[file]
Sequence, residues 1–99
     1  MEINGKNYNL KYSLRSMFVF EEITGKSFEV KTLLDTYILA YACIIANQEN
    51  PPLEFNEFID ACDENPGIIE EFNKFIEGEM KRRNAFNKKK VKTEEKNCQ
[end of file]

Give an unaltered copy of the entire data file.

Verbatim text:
Sequence, residues 1–99
     1  MEINGKNYNL KYSLRSMFVF EEITGKSFEV KTLLDTYILA YACIIANQEN
    51  PPLEFNEFID ACDENPGIIE EFNKFIEGEM KRRNAFNKKK VKTEEKNCQ